be available and sufficient, says: “But the case we conceive to be very different where the debt for which the sale is made bears special mortgage on the thing to be sold, and where the thing has been mortgaged as an entirety, a unit, and thus made by contrast and in contemplation of the parties indivisible, whether so by nature or not.” “Thus,” the court proceeds, “where a plantation, with its accessories, has been specially mortgaged, the stock, implements, etc., thereto attached by the owner, and therefore made immovable by accession, cannot be sold separately from the plantation itself, no more than can a house or other building on it. When the law gives the mortgage creditor the right to seize the whole thing mortgaged, it gives him the right to sell the whole thing, if it be indivisible by nature or only so by the agreement and contract of the parties."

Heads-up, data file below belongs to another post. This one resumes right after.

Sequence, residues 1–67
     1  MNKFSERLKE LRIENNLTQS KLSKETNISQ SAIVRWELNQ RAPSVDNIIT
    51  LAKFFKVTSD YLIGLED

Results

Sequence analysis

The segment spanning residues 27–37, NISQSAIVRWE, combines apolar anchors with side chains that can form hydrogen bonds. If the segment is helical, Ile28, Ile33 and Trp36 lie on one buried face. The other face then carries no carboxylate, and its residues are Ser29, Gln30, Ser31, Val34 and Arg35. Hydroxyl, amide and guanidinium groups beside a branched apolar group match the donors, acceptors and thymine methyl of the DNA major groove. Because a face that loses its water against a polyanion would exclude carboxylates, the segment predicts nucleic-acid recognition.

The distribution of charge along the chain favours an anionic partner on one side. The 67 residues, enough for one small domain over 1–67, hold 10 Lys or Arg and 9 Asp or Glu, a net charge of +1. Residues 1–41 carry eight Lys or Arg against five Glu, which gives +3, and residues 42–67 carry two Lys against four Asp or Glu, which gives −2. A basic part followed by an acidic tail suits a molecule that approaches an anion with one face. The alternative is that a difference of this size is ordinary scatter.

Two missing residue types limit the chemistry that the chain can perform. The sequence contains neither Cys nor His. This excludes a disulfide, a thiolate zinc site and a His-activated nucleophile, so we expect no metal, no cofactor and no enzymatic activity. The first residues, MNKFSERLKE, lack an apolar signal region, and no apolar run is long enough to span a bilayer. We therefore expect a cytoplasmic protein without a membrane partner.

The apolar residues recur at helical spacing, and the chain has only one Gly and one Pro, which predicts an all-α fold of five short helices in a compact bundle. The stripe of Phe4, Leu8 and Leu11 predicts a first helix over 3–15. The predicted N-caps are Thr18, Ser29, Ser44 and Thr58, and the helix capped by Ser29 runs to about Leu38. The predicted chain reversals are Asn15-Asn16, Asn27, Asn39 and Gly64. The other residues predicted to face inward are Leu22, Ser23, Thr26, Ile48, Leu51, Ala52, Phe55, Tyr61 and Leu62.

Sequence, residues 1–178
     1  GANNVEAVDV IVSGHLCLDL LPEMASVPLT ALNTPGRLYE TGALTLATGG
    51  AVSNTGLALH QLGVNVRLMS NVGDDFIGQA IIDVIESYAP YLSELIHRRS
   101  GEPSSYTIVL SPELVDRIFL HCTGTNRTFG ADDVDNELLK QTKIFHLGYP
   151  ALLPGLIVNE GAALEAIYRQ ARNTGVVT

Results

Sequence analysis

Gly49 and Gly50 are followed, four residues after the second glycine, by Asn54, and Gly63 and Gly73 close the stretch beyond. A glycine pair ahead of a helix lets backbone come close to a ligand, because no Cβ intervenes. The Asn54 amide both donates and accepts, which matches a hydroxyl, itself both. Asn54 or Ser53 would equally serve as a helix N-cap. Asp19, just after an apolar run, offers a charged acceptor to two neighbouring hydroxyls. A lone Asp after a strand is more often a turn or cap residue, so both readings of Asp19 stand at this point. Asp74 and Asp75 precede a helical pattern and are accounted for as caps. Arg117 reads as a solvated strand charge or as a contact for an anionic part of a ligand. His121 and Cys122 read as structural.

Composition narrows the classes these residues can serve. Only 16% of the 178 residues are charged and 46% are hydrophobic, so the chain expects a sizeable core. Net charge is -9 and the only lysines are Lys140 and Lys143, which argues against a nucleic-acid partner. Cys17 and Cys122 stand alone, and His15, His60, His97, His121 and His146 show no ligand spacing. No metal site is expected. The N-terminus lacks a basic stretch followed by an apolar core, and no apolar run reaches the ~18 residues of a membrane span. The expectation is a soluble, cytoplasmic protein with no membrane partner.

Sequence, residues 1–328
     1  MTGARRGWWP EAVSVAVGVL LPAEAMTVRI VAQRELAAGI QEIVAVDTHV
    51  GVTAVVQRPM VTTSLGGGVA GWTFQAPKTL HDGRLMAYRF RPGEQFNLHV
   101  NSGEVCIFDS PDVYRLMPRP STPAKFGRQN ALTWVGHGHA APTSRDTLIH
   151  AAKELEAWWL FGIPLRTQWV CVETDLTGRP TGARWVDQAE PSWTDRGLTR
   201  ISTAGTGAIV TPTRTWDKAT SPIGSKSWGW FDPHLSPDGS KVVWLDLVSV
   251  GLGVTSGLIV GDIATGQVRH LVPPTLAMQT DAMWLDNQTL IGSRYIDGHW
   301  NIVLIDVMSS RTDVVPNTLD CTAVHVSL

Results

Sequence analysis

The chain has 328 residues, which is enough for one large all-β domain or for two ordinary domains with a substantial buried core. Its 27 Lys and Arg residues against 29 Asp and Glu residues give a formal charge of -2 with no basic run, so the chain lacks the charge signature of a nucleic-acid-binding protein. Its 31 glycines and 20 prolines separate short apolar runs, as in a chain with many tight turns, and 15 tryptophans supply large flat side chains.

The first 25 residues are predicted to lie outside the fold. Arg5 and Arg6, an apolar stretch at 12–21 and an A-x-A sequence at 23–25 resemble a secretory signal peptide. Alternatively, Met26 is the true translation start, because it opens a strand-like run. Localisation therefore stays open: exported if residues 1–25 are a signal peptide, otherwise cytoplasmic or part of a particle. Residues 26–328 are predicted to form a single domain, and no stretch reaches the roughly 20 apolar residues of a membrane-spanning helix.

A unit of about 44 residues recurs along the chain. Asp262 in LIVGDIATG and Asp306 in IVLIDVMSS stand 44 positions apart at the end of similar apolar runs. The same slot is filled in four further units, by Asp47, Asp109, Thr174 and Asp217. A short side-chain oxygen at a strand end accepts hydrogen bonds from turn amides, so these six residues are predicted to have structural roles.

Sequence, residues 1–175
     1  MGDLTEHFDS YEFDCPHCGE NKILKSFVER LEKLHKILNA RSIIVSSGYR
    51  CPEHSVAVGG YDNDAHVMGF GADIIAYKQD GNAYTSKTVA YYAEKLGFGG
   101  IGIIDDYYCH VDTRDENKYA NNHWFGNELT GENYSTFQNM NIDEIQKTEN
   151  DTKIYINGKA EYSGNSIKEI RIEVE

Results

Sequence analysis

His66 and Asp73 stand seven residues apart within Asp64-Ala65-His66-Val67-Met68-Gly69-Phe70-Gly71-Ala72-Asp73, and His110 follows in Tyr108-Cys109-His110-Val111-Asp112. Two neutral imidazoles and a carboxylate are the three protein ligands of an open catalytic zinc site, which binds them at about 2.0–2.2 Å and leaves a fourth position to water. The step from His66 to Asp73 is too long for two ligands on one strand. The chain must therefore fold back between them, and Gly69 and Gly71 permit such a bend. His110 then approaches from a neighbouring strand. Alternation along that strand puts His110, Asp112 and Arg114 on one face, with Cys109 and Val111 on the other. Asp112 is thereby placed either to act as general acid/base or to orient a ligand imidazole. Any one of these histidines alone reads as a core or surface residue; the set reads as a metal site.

But if it be assumed that the personal property used in the cultivation of the plantation, and embraced in the special mortgage, ought not to have been sold in block with the plantation, but each article separately, the failure to do so did not render the sale void. The utmost that could be said is that the sale was informal and irregular. But in Louisiana mere informalities or irregularities in a judicial sale do not alone constitute a sufficient ground for setting it aside. The bill alleges that the property did not bring a fair value, and that, by reason of the mode of sale, persons who would have bid did not attend, and were prevented from bidding. These allegations, if material, are not sustained by proof. Nor is there sufficient proof that the property, if resold, would bring any larger price than McCan bid for it, or would be sufficient to discharge his claim in full. The plaintiff does not propose that he, or any one else, will, at a resale, bid any larger sum than McCan paid. Nor have the Godberry brothers, since the sale, made complaint of unfairness in it. Under such circumstances, it not appearing that any real injury has been done to the plaintiff, the sale should not be disturbed because of omissions or informalities that did not affect the substantial rights of the party complaining. In Copeland v. Labatut, 6 La. Ann. 61, the court said: “The petition contains no alle